Californians' Views on Education
In February 1996, PACE conducted a statewide poll on Californians' views on and expectations for the public schools. In particular, the poll was designed to gain insight into the alignment of the public's views with current directions in education policy.
Conducting a poll among Californians is especially relevant because no comprehensive public poll has been conducted in recent memory and because poll results can serve to inform the wide range of policy discussions underway at the state level. State policymakers, for example, are in the process of redesigning a statewide assessment system (AB 265) to feature grade-by-grade and subject-by-subject standards. This system has potentially far reaching effects for curriculum design and instruction. In addition, the state is engaged in two reform initiatives—Charter Schools and Challenge Districts—which, in different ways, look to test traditional school governance with new approaches. A new proposal for "opportunity scholarships" that seeks to provide public funds for private and parochial schools is now before the legislature. Finally, the California Constitutional Revision Commission will be releasing its recommendations in coming months for far-reaching changes on complex issues of local control and home rule. Additional initiatives on school safety, class size reduction, and new instructional approaches are all currently under discussion in Sacramento.
Policymakers are thus confronted with an array of proposals. But what does the public think about California's schools? Does the public think schools are performing as they should? In what areas of education policy do the public's views align with policymakers' and where do they differ?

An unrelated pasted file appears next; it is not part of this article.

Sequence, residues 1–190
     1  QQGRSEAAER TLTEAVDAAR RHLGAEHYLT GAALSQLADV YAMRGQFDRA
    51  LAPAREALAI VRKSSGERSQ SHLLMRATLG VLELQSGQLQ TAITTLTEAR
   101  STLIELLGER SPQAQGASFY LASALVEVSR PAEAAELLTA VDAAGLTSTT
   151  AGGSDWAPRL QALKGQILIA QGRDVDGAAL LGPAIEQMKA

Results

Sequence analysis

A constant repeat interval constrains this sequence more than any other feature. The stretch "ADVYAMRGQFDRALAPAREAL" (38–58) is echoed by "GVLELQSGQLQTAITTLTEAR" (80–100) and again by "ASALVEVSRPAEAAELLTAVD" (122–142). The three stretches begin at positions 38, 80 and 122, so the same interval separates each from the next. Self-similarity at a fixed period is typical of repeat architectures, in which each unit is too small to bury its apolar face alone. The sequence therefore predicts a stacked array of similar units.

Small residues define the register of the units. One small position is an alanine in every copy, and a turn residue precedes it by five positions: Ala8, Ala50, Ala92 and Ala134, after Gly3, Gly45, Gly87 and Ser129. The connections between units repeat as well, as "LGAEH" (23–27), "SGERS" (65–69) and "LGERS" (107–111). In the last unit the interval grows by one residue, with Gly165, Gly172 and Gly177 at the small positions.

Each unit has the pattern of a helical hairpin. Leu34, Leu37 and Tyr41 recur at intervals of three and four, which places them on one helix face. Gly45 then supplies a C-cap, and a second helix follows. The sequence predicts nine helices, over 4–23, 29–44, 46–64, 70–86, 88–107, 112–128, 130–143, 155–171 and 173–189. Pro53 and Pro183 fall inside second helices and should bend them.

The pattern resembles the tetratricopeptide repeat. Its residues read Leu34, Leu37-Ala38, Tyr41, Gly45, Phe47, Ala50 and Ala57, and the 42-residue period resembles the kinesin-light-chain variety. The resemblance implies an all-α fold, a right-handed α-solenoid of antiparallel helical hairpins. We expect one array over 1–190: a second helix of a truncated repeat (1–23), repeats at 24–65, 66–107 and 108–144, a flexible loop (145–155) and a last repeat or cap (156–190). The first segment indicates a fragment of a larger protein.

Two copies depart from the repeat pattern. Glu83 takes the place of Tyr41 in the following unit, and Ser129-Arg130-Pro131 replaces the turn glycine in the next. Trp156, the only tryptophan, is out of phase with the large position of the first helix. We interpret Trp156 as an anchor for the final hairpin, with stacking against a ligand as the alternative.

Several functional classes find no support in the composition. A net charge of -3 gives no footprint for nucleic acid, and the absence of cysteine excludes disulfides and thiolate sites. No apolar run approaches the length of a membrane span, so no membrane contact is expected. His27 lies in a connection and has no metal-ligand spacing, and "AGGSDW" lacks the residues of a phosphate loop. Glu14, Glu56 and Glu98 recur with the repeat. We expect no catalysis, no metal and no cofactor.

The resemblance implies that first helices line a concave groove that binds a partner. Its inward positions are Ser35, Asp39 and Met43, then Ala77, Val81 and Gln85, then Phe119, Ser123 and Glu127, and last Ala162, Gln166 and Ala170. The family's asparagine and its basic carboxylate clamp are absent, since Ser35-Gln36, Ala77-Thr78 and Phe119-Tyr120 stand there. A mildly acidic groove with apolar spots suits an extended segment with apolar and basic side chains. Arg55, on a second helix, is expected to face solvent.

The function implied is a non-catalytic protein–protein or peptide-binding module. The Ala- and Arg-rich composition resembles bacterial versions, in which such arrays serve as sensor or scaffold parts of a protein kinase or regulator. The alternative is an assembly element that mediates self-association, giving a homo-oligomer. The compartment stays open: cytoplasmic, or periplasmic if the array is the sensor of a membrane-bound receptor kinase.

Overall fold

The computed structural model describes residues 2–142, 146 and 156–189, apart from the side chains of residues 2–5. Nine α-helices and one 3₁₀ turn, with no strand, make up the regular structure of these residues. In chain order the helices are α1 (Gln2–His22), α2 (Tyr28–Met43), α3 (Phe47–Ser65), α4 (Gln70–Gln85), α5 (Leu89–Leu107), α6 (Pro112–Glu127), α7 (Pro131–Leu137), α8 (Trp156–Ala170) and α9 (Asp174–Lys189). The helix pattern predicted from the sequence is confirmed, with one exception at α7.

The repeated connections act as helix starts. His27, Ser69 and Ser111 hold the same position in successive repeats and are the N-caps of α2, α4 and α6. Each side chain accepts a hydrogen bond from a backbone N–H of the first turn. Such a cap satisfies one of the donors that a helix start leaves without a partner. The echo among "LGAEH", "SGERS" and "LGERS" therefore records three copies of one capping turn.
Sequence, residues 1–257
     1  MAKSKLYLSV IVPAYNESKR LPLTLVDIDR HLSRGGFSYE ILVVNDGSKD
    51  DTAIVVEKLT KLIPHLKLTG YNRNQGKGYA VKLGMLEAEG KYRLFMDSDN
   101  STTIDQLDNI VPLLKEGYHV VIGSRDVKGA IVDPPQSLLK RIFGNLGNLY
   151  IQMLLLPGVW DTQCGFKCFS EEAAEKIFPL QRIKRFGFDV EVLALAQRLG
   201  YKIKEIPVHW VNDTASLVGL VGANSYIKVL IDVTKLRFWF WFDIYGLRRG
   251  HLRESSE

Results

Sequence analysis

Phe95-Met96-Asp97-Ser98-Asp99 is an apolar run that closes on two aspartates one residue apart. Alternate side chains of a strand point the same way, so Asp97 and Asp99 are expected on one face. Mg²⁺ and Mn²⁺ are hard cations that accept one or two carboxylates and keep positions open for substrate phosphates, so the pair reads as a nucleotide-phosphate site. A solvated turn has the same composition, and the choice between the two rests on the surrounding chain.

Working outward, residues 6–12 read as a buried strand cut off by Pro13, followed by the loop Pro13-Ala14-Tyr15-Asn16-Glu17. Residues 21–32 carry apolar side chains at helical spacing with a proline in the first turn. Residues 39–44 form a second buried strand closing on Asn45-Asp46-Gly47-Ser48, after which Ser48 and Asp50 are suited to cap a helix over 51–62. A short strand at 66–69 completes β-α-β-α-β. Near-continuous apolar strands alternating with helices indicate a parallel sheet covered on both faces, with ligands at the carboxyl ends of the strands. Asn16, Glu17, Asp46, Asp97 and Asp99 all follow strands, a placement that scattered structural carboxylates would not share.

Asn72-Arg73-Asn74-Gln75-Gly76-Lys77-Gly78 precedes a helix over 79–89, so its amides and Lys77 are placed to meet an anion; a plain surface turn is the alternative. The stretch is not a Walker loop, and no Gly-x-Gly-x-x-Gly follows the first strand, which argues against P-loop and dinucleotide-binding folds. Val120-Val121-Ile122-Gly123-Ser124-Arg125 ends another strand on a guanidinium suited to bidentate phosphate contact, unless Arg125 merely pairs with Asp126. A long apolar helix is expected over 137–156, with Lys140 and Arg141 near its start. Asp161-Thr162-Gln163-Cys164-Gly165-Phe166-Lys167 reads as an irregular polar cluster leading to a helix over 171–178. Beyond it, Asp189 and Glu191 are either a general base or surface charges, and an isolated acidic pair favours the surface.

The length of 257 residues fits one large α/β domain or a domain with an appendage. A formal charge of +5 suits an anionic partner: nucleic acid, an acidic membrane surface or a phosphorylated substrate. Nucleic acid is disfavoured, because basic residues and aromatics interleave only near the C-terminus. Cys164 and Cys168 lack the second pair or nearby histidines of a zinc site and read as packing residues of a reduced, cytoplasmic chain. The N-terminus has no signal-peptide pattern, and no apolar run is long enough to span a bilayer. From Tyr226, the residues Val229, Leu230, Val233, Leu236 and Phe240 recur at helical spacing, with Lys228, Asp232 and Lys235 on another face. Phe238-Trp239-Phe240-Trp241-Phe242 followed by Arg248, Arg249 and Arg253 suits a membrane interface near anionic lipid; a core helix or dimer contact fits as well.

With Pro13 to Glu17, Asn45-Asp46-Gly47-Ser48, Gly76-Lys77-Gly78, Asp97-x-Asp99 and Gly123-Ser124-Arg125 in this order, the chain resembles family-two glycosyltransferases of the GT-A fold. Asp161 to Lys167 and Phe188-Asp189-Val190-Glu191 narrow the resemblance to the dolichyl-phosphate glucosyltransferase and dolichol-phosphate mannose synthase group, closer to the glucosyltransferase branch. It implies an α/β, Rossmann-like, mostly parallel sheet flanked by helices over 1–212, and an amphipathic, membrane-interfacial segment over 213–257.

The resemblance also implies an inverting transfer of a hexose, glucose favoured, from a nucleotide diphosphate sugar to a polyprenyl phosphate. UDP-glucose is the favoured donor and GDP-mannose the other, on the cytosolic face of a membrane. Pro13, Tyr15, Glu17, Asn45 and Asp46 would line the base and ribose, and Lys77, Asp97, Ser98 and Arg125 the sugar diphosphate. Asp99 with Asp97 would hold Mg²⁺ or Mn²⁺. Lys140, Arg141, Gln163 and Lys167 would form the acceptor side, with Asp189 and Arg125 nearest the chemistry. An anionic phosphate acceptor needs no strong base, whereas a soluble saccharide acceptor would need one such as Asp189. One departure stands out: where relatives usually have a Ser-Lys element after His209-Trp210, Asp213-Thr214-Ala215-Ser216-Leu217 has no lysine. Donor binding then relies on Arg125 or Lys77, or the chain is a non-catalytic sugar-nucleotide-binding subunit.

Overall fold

Before displaying the poll results, a caveat: PACE does not believe that education policy should be made using public opinion polls.
Nevertheless, Californians' perceptions of the public school system, and of potential policy changes, need to be considered in policy discussions. The results of this poll, PACE believes, can help to inform and focus the debate on public education.
For purposes of this poll, PACE contracted with Peter D. Hart Research Associates of Washington, D.C. The telephone survey, administered between February 9 and 29, 1996, was completed by 803 respondents who were at least 18 years old. The overall results of the survey have a margin of error of plus or minus 3.5 percent.
The remainder of this paper is composed of three sections. The first section reports the major findings from the poll. In this section, PACE outlines four broad themes and demonstrates, using the poll results, how these conclusions were drawn. The second section is a policy "side-by-side" that shows the relevance of some poll findings to the current education policy discussion in California. The third section, the tabulations of the poll results, is provided so readers can draw their own conclusions based on the questions and responses.